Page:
When studying criminal justice at Bethany, you will receive:
- Small classes with high-quality instruction;
- Faculty who care about student learning;
- Practitioners with advanced degrees who’ve “been there/done that”;
- Internship opportunities with local, regional, and statewide criminal justice & human services agencies;
- Classes based on theory and real-life situations;
- Opportunities to participate in extra-curricular clubs;
- Courses designed to help confirm your decision about a criminal justice career early in your college education.
What can I do with a criminal justice degree from Bethany College?
Graduates from our criminal justice program have gone on to become:
- State Troopers;
- City and County Law Enforcement;
- City Prosecutors;
- Practicing Attorneys;
- Probation and Parole Officers;
- Corrections Officers;
- Court Services Officers;
- Substance Abuse Counselors;
- Mental Health Professionals;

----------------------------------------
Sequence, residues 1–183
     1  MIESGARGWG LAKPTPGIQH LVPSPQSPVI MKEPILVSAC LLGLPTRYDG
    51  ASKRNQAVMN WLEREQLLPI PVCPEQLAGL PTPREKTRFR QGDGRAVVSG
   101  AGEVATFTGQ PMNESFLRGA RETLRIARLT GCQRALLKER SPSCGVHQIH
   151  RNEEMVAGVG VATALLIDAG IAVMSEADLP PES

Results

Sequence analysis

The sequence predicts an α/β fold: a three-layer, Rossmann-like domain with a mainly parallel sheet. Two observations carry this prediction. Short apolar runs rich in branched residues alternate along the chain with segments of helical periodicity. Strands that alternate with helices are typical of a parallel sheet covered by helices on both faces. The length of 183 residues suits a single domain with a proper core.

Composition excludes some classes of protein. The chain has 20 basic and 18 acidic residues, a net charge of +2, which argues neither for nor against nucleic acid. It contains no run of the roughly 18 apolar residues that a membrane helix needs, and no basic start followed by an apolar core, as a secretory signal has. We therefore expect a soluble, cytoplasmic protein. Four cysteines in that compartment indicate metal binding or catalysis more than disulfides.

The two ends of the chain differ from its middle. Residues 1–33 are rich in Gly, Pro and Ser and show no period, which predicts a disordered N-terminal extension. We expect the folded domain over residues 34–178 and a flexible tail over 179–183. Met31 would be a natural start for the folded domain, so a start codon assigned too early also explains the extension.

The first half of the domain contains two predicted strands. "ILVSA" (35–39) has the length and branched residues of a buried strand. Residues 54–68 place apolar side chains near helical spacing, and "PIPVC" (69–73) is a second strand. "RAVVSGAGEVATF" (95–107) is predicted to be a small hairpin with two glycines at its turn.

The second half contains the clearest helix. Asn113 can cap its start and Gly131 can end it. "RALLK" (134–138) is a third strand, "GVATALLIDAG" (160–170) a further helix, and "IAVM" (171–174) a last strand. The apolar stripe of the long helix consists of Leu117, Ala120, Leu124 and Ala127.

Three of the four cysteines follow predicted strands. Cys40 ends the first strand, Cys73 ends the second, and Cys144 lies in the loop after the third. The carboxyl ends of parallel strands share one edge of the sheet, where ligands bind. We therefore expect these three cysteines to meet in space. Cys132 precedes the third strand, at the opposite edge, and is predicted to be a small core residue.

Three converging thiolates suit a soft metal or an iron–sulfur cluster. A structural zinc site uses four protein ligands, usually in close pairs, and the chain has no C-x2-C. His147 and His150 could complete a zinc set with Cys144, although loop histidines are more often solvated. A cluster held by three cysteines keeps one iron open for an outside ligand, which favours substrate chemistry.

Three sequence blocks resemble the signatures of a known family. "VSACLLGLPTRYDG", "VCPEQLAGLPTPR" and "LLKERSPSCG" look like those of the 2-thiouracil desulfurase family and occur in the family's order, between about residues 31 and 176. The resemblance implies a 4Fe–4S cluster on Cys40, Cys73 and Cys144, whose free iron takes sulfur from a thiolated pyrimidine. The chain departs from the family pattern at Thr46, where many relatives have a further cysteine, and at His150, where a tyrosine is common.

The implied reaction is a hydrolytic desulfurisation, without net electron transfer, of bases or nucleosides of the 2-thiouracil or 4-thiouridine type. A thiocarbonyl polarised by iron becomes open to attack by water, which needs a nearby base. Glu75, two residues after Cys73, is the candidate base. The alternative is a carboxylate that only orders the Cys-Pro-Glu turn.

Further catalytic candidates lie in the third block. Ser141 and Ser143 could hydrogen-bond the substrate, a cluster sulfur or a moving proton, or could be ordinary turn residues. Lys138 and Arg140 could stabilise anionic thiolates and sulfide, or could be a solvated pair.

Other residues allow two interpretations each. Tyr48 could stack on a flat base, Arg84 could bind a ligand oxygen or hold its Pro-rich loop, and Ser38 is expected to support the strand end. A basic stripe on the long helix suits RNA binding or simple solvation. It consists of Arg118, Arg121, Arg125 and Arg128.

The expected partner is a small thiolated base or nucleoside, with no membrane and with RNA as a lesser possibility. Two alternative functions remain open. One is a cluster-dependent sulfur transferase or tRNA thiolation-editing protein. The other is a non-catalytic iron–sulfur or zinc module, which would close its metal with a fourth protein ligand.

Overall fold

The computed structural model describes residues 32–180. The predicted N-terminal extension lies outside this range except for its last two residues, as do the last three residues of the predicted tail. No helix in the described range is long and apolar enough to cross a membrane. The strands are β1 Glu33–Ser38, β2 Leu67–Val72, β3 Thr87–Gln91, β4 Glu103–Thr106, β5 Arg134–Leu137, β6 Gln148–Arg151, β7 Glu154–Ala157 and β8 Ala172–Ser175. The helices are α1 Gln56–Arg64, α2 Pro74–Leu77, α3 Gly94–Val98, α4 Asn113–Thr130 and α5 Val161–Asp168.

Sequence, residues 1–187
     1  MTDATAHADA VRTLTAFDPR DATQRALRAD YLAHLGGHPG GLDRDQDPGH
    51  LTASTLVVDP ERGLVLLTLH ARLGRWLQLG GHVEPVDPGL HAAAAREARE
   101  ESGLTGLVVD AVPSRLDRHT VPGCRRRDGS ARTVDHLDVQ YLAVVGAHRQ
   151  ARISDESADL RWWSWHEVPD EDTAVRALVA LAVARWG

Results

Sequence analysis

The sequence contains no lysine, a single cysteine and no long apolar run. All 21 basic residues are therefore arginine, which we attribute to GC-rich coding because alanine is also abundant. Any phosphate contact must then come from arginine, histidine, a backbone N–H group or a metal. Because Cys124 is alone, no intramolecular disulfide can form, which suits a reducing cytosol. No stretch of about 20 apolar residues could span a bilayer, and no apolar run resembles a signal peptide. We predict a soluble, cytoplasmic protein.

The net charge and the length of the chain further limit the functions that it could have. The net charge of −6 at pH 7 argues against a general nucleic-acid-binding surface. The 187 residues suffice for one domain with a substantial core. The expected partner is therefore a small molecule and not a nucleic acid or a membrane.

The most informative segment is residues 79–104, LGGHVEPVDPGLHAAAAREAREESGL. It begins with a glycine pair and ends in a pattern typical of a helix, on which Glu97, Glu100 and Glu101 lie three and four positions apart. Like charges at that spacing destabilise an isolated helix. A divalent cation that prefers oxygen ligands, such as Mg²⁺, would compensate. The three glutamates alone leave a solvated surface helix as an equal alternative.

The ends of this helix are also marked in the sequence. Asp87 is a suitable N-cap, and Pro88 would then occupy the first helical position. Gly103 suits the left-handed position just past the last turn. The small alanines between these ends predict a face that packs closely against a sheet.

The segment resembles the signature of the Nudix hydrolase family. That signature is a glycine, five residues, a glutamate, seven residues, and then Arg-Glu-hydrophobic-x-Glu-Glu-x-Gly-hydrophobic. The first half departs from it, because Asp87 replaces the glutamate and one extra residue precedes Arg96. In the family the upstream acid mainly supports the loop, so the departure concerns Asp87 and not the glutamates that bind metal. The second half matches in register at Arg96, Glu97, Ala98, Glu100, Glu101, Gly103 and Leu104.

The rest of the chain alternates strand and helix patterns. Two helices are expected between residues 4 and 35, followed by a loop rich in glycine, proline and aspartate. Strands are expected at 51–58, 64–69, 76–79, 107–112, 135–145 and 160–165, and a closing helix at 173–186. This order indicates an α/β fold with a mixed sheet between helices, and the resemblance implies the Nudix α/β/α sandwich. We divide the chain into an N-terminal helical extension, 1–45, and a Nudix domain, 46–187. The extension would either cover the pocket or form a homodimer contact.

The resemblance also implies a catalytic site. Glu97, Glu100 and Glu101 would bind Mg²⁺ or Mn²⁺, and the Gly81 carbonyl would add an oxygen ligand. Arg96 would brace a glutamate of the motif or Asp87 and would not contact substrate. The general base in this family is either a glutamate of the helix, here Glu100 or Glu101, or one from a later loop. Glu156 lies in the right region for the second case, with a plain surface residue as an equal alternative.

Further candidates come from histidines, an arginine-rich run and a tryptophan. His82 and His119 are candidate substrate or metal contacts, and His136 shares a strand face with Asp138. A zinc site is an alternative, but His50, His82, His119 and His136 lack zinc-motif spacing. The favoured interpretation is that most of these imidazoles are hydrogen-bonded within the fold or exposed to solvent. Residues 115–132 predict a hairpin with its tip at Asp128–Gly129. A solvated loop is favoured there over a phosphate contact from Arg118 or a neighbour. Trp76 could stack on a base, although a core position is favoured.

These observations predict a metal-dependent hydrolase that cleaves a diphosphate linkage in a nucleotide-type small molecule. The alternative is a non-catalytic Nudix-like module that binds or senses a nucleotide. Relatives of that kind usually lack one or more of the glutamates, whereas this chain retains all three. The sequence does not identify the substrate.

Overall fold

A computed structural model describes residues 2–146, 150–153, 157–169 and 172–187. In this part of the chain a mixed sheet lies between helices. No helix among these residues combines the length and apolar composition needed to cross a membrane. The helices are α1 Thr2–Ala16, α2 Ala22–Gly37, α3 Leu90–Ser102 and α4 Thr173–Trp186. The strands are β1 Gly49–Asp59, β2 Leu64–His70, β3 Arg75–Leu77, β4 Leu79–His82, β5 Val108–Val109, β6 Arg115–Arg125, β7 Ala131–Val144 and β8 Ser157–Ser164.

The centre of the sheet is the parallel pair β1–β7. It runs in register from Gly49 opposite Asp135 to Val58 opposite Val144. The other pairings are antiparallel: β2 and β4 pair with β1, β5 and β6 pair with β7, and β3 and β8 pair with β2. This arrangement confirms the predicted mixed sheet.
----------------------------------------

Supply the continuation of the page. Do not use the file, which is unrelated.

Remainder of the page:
- Social Workers;
- Victim Advocates;
- Case Managers.
Our students also go on to pursue graduate degrees and military careers.
Dr. Kinnaird offered up Michelle Rambo, an active student at Bethany College, to be interviewed and she agreed. The online Q & A is featured HERE.
North Central Association of Colleges and Schools.
Our curriculum reflects the national standards set by the Academy of Criminal Justice Sciences.
Douglas Smith, Professor Emeritus of Criminal Justice, was at Bethany College since 2005, but taught at the college as an adjunct instructor since 1978 until his death in 2014. He taught classes in police, probation, delinquency and administration, and criminology. He also founded the Bethany College Law and Order Club.
Smith had over 35 years of experience in criminal justice. He worked in the 28th Judicial District Court, Salina, Kan., as Chief Juvenile Probation Officer, Director of Court Services and Trial Court Administrator I.
He was a board member of the Salina Youth Care Foundation and was twice elected president of the Kansas Association of Court Services Officers. He served on committees for the Kansas Supreme Court and assisted in developing an interdisciplinary investigation team for child abuse cases. His work on this team garnered acclaim from the National Association of District Attorneys and the Federal Department of Health and Welfare.
Smith earned his Master of Administration of Justice from Wichita State University.